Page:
Palliative Care

Calming Wheelchair

At Portland Providence Cancer Center, the Palliative Care office is staffed to provide relief from the pain and stress that accompanies being cast in the part of a person with cancer.

Palliative Care, unlike Hospice Care, encourages continuing treatment of causes and symptoms, while attempting to offer reduced stress, comfort, and relief from pain.

I was referred to Palliative Care by my oncologist on June 10th, and encountered more Change Happening Too Fast.

Notes from my Conversation with “Calm” Wheelchair


“Calm, I am liking you too much on first touch! Where Mark would leave a bruise or a dent, you leave a caress … Perhaps I am experiencing a heady romantic attraction — a summer fling”?


“Marty, my designers are pros. They obsess over quality of design and production. The emotional response you experience reveals your need for respectful design, not for eros.

“If you will, please let yourself accept Calmness. Remember that excellent design is a “stress-reducing human survival skill” that has served stressed-out humans through the ages. You are noticing this now because you need it for your healing. Keep in mind that although your “stressed-out” state makes it hard for you to accept Palliative Care, the young professionals on your Home Health team are here for you. Try to embrace all of the gifts that they bring — even though some of them will be hard for you to accept, because accepting these gifts will require accepting unwanted changes and side effects of treatment.”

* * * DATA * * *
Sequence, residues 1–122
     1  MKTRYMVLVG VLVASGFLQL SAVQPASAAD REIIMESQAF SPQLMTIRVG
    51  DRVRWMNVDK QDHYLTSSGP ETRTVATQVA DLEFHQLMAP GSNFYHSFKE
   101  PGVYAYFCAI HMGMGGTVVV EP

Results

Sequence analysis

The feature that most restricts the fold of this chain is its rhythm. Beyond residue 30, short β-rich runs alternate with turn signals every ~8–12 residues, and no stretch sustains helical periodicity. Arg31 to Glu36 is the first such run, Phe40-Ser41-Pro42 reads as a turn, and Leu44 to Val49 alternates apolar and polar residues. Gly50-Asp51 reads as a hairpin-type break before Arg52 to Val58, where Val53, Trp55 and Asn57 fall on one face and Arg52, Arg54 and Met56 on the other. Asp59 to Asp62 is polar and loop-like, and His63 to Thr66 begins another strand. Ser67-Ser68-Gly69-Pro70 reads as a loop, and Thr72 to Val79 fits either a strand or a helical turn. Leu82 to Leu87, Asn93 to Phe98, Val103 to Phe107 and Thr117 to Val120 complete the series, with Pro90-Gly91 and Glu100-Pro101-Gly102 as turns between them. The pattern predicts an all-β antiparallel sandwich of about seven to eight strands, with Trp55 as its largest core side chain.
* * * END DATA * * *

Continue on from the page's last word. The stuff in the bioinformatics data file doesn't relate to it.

“Calm, when the body I have identified as “ME” is no longer present without substantial impairment and the mind that I have identified as “MY MIND” invents new stories to explain a new version of reality every night … I fail to see how tips and tricks of physical and occupational therapy are enough.”

Specifically, the most difficult challenges that Eddy and I needed to learn to manage during the first three weeks of home health care included:

  • Motor Nerve impairment of my left arm, leg and corresponding knee and hip joints, which suffer from loss of strength in the surrounding muscles,
  •  Urinary frequency and the inability to void my bladder without help
  • Acute constipation
  • Diarrhea
  • Mobility impairments in our home, carpets and restricted floor plan
  • Family conflicts over when and how to effect changes in home design
  • Accepting the change to needing daily inhome care and arranging for employment of that care.